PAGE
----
7. there are positive signs in terms of CDM 2007 meeting its objectives, with evidence of three being met and two being partially met. However, some respondents have concerns about the effectiveness of CDM 2007 in: Minimising bureaucracy; Bringing about integrated teams; Bringing about better communications and information flow between project team members; and Better competence checks by organisations who appoint other duty holders;
  8. a third of the respondents (15) reported negligible costs in employing health and safety staff / advisors when they were introducing CDM 2007 into their organisations for the first time. However, nine respondents reported spending £10,000 or more; of these four were Principal Contractors;
  9. over half of the respondents (26) spent less than £5,000 on preparing health and safety management systems when they were introducing CDM 2007 into their organisations for the first time. However, five respondents reported spending £10,000 or more; of these three were Principal Contractors and two were Contractors;
  10. over half of the respondents (27) spent less than £5,000 health and safety training when they were introducing CDM 2007 into their organisations for the first time. However, eight respondents reported spending £10,000 or more; of these eight, there were two each of Coordinators, Designers, Principal Contractors and Contractors (see Section 11.4).
  11. a third of the respondents (14) reported negligible costs spent on employing health and safety staff / advisors whilst maintaining CDM 2007 in the last year. However, ten respondents reported spending £10,000 or more; of these four were Principal Contractors;
  12. over half of the respondents (27) spent less than £5,000 on their health and safety management systems whilst maintaining CDM 2007 in the last year. However, five respondents reported spending £10,000 or more; of these three were Principal Contractors and two were Contractors;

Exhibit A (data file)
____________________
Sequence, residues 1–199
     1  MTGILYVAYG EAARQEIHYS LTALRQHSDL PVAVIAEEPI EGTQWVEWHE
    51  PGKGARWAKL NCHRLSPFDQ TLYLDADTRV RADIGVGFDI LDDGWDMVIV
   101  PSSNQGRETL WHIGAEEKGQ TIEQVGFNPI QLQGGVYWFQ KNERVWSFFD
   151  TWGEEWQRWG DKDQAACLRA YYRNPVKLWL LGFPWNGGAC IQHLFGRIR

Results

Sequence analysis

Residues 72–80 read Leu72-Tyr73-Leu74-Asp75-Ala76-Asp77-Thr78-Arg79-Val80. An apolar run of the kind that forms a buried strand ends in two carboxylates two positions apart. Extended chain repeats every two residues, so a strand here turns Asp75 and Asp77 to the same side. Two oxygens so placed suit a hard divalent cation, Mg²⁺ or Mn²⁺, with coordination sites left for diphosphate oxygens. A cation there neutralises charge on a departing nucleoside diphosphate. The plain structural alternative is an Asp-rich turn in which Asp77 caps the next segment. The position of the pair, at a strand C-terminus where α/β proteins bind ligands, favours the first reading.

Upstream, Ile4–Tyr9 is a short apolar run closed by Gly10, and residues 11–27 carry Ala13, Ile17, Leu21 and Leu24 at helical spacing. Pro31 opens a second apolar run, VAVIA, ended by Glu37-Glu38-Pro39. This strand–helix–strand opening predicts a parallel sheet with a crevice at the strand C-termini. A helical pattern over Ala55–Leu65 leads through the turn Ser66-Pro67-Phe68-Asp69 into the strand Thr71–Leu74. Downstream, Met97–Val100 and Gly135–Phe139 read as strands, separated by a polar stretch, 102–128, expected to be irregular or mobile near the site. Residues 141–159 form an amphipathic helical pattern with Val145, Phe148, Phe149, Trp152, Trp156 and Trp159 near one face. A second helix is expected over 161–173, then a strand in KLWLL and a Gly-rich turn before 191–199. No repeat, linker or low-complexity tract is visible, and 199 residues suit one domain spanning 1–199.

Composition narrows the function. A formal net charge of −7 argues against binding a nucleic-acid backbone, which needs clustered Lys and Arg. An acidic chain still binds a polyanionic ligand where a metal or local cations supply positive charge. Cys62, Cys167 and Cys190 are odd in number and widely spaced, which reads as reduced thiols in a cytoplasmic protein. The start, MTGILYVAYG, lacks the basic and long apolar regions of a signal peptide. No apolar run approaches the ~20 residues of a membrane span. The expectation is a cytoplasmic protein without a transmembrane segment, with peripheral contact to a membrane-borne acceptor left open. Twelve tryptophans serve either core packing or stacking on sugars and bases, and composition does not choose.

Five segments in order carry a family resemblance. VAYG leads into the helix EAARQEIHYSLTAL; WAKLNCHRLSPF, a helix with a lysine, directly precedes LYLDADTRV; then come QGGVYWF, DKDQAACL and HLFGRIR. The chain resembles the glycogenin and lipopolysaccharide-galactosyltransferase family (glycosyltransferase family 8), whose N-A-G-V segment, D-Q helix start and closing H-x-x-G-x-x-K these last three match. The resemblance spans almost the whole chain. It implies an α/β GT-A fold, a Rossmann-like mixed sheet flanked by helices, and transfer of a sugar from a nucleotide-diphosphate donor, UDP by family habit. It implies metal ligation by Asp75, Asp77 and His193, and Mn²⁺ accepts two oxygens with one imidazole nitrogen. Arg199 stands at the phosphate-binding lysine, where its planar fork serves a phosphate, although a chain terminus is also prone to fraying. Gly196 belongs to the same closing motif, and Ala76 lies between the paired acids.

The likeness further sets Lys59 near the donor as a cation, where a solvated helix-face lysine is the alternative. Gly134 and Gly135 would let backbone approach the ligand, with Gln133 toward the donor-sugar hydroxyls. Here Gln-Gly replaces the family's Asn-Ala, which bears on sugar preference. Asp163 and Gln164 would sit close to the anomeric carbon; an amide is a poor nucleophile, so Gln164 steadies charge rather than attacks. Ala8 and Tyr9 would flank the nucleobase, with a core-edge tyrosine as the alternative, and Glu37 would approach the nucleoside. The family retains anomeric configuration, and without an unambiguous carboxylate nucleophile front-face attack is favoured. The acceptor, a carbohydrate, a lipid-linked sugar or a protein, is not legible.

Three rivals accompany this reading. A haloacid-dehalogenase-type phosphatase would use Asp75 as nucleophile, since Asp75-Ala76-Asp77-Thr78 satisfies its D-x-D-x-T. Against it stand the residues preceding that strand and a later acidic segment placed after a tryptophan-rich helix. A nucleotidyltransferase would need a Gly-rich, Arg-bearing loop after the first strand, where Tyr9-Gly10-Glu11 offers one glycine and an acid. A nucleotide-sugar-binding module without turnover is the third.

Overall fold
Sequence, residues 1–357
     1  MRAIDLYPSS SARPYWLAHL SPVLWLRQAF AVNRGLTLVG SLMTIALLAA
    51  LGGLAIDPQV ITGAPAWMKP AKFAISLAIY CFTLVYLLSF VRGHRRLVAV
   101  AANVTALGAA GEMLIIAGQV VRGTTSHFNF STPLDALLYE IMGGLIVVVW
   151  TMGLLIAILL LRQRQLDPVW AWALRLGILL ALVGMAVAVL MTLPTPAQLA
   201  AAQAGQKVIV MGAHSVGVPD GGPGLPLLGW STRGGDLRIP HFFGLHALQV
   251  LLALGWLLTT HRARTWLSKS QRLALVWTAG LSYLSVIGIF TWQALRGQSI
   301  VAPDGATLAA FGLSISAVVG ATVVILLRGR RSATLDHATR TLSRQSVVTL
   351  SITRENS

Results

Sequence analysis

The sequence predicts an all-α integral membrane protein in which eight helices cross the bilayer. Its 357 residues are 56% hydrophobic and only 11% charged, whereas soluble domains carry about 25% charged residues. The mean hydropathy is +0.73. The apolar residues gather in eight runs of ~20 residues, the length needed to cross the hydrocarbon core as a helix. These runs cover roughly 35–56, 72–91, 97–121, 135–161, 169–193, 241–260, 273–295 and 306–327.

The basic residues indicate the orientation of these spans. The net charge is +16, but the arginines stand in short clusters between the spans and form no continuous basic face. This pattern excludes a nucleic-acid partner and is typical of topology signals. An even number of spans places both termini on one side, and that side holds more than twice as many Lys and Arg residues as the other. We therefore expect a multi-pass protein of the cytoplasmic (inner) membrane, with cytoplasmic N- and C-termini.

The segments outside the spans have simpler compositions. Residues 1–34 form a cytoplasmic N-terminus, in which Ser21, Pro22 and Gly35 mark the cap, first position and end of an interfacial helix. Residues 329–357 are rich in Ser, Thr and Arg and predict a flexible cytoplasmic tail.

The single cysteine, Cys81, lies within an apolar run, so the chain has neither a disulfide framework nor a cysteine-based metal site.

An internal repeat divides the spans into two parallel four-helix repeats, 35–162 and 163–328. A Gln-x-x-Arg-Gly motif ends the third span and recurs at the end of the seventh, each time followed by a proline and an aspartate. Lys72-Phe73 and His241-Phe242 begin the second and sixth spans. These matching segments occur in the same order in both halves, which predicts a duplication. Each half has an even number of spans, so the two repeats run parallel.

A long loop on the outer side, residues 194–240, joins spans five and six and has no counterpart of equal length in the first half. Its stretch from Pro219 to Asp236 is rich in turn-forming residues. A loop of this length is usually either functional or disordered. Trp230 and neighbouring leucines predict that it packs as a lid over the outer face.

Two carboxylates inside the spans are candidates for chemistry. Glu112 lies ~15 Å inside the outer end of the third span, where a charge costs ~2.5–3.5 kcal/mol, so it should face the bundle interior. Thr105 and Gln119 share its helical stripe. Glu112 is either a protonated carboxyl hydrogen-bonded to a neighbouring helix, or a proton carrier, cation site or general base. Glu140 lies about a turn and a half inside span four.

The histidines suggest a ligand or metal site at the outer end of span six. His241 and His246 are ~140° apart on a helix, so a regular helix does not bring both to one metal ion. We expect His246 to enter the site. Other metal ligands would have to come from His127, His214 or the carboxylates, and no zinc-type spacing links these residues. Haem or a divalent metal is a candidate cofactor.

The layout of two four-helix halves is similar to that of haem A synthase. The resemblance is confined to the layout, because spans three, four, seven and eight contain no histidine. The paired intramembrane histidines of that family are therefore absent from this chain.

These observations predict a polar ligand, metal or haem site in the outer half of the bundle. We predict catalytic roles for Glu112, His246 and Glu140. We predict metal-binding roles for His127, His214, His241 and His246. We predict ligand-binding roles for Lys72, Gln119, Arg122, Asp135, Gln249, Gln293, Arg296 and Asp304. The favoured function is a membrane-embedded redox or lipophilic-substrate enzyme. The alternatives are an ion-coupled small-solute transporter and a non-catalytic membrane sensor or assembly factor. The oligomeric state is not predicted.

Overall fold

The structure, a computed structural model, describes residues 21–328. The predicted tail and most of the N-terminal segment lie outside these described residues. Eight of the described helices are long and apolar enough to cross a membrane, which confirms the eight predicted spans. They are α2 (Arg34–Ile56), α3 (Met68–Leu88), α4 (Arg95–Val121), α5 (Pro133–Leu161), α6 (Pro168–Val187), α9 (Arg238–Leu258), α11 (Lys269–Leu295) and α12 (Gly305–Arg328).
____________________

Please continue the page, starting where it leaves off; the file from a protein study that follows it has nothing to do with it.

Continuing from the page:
13. over half of the respondents (25) spent less than £5,000 on health and safety training whilst maintaining CDM 2007 in the last year. However, five respondents reported spending £10,000 or more; of these two were Principal Contractors;
  14. over half of the respondents (25) rate the costs of CDM 2007 as low or lowmoderate, with another 12 rating the costs as moderate. Only seven respondents rated the costs as high or moderatehigh. Three of those respondents were contractors. Twentyone respondents viewed the benefits of CDM as 2007 as moderate. Ten respondents thought that the benefits were higher than moderate, whilst 14 thought that the benefits were less than moderate (see Section 11.7);
  15. on balance, the respondents’ views on CDM were positive as the benefits were viewed as moderate, whilst the costs were viewed as moderate or lower;
  16. half of the respondents felt that the question set was too long, and twothirds had difficulty in separating out the CDM 2007 costs from other costs. However, they found the guidance notes accompanying the question set to be helpful;
  17.  a set of seven activities has been developed for the evaluation of CDM 2007. These address the issues identified in this pilot and provide continuity from the baseline studies;